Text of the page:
The unemployment rate here in Jefferson County is around 4 percent, just about the same as it is nationwide, and among those employed residents, about a quarter work in manufacturing. The county is mostly rural, and overwhelmingly white. In Madison, which is marked by three riverfront smokestacks that can be seen for miles, the median household income in 2016 was about $51,500, and two of every 10 children under 18 lived in poverty.I see this as the question of our age: why so much hopelessness among young people, even in towns with jobs? Why such a pervasive sense that things are out of whack, that the world is in decline? Why are we so fearful? Why is crazed alarmism such an effective political strategy?
The tourists who travel here see Madison’s antique shops and frequent its art, music, food and boat-racing festivals. But beneath all that are the crises that threaten to drag this town under: suicide, depression, child neglect, abuse and addiction to drugs.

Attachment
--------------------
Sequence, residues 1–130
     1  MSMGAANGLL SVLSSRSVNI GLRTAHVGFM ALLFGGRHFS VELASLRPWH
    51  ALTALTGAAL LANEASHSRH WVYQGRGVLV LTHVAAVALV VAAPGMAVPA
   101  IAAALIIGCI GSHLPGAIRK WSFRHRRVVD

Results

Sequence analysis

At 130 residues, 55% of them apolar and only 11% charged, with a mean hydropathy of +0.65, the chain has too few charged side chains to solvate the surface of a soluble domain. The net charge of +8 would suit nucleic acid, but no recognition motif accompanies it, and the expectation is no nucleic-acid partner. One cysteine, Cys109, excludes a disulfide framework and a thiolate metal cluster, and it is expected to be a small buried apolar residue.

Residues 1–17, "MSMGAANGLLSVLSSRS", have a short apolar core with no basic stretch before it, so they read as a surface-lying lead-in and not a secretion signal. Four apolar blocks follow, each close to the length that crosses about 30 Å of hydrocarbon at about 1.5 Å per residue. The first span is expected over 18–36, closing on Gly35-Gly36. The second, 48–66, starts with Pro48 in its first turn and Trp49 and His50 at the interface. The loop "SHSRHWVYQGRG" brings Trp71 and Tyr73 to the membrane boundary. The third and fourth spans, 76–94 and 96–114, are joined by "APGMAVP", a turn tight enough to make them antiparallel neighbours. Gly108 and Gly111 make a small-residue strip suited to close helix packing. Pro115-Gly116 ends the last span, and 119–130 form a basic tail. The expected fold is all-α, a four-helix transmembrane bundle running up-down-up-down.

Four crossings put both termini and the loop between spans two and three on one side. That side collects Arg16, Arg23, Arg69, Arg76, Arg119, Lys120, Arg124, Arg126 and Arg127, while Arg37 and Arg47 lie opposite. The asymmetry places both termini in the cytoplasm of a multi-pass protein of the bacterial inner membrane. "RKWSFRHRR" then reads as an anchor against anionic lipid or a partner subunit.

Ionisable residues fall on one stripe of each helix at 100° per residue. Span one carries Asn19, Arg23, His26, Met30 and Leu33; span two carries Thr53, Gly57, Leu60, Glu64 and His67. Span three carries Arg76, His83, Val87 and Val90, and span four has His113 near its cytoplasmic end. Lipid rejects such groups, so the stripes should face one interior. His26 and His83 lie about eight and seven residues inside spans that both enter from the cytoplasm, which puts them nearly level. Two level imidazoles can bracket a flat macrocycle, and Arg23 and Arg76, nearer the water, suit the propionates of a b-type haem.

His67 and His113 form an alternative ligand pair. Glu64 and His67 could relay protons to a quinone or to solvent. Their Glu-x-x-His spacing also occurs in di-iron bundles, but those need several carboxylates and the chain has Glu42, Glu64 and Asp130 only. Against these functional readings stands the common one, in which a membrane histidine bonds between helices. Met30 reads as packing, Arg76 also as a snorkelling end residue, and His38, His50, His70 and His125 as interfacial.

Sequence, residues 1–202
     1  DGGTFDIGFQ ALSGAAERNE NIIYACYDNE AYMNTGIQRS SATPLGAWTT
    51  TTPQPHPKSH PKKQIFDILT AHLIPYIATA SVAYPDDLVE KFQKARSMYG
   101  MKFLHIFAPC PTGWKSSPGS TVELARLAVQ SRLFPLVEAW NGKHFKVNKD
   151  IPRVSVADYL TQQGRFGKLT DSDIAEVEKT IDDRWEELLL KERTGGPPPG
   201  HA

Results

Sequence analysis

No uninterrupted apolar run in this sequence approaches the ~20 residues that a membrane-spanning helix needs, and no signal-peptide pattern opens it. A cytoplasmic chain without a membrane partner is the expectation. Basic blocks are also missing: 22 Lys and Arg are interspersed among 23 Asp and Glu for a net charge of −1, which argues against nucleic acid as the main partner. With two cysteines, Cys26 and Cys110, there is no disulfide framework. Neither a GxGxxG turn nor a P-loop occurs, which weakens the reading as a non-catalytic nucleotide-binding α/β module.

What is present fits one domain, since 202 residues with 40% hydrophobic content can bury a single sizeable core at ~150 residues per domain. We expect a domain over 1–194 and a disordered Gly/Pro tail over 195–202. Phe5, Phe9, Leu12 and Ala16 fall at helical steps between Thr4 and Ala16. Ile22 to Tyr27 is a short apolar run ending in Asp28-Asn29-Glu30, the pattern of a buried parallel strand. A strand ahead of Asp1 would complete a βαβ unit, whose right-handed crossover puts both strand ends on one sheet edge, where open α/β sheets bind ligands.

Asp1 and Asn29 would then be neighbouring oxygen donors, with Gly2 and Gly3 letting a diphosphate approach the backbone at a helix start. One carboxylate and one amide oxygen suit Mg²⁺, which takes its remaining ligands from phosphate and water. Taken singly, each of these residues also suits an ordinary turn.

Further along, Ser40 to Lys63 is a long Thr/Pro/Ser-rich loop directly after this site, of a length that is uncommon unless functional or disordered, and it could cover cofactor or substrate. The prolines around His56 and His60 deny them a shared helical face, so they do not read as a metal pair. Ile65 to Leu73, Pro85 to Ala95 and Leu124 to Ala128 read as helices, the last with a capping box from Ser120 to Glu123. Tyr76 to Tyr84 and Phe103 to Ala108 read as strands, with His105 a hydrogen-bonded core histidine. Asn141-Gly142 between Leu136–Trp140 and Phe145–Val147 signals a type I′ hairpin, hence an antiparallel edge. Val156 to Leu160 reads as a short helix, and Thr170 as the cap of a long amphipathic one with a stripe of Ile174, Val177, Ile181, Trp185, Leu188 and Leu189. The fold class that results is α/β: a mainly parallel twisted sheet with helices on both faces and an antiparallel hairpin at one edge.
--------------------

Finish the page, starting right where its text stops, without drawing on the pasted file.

I go back and forth in my own mind, from "things aren't really any worse than they have always been" to "something vital is missing from our society."
Is it too much news, all of it focusing on the bad? Is it an evolutionary misalignment between the hungry village life we evolved for and the mass society and material abundance we have ended up in?
Macur's story focuses on a high school football coach who lost his own brother and is now determined to help kids stay alive. It's easy to be cynical, but if high school sports rivalries won't give small town folks the excitement and sense of community they need, what will?
I don't have any answers, other than a sense that our public culture of outrage, blame, anger, partisan hate, and general woefulness is making things worse.